After its award-winning success last year, Channel 4's Secret Millionaire is back tonight in the first of a series of six episodes, with its fairy tale solution - downtrodden poor suddenly discover wealthy person with cheque book in their midst - to the symptoms of poverty and exclusion.
As with the recent fractious Millionaires' Mission, in which, gosh, the rich found instantly transforming a Ugandan village tough, we can expect that in television's typically inadequate way of portraying reality, any thoughts of solutions to poverty will be ignored in favour of a happily-ever-after ending and small amounts of guilt-assuaging money.
And there is the worry that the simplicity of last year's approach - slowly discovering the humour, honesty and bravery of good people in a bad world - will give way to the eternal TV quest for more conflict and emotion.
Tonight, property millionaire Gill Fielding gives away £250,000 in what the programme's notes dub a "tear-jerking, heart-warming undercover experience in London's east end".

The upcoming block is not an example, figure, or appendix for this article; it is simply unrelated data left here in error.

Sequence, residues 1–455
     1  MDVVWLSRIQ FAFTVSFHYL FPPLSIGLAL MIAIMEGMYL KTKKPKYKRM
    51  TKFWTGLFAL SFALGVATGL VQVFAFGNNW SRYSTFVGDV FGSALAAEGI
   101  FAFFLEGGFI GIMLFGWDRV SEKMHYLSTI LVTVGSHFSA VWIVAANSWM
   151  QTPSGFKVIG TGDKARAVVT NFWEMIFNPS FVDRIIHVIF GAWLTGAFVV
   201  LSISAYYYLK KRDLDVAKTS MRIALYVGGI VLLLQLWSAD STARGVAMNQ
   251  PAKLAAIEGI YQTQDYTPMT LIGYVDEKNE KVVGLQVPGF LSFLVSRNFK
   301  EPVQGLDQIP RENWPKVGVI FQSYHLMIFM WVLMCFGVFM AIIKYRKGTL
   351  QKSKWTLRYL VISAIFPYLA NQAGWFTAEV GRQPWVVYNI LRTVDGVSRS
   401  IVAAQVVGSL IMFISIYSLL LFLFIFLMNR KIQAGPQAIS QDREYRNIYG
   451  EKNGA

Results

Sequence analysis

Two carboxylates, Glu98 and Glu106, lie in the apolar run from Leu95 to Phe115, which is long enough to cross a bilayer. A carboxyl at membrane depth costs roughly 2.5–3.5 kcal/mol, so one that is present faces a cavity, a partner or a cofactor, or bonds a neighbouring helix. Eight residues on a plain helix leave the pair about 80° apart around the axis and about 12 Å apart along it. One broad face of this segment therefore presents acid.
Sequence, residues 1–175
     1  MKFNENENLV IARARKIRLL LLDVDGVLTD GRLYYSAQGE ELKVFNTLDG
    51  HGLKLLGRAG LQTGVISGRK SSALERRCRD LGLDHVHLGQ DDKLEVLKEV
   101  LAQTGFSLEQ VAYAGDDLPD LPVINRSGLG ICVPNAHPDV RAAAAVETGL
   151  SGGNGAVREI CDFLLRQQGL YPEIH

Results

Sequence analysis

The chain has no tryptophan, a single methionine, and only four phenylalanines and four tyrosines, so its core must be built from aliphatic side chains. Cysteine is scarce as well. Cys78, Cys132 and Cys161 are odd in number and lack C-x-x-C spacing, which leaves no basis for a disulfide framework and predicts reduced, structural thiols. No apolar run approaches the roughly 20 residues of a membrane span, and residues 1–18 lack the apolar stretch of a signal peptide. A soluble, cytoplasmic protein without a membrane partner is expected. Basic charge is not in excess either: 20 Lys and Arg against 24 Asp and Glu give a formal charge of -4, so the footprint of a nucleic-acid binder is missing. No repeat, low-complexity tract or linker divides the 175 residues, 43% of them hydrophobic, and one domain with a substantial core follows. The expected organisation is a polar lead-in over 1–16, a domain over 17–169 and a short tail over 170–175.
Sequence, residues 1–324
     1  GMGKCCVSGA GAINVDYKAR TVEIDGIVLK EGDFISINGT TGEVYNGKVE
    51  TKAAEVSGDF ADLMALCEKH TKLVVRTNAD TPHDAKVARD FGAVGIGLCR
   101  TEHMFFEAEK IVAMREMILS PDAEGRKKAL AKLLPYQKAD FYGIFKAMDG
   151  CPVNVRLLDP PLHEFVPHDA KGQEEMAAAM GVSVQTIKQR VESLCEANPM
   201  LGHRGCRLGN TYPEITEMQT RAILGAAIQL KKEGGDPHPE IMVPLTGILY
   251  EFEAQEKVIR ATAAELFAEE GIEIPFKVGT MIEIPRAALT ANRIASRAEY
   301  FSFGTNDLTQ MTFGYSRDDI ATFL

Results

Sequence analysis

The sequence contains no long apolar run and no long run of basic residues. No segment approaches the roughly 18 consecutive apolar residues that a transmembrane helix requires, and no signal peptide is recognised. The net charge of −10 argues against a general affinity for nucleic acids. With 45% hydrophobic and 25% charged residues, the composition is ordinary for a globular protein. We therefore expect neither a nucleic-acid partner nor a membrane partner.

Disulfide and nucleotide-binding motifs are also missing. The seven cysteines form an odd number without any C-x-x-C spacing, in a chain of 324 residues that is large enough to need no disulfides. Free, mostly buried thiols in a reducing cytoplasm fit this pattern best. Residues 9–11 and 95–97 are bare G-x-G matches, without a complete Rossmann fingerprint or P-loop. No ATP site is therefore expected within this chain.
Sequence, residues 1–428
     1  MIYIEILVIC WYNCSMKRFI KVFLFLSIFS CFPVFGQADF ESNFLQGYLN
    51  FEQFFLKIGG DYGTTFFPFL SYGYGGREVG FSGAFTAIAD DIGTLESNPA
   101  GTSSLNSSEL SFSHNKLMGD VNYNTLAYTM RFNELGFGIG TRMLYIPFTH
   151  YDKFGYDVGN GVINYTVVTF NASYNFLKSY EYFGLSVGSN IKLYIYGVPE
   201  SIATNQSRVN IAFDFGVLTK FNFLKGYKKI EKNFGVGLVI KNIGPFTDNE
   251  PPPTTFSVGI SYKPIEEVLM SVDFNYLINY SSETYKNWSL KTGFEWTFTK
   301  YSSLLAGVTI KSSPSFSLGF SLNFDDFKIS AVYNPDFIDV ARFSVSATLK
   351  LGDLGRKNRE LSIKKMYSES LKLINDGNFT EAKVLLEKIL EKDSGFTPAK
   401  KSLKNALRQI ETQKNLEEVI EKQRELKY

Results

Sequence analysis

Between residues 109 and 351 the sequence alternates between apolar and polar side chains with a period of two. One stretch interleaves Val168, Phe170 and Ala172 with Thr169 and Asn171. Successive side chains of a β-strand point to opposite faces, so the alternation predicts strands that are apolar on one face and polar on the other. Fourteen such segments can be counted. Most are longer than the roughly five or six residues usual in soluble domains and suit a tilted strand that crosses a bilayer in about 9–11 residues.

More from Channel 4, and in Friday's Unreported World, Sandra Jordan explores the latest bloody chapter in Sri Lanka's civil war. An estimated 68,000 people have been killed in the conflict since 1983.
With so much on their plates nowadays, do charities too easily forget the past? The Roots of the British Legion, on Radio 4 on Remembrance Sunday, investigates the charity's emergence in the wake of the Great War. It was formed from an assortment of rival ex-service self-help groups, often with political or class allegiances quite different from those of traditional Victorian welfare charities.
If you worry about young people's dynamism, concern and commitment, check out Student Action for Refugees this weekend in London. Star's 10th annual meeting gathers together its nationwide network of university groups, refugees and supporters. They will be joined by MPs Jon Cruddas and Neil Gerrard and speakers from the Refugee Council, the Children's Society, Amnesty International, Save the Children, the United Nations High Commissioner for Refugees and the Medical Foundation for the Care of Victims of Torture.
- Contact Nick Cater at firstname.lastname@example.org.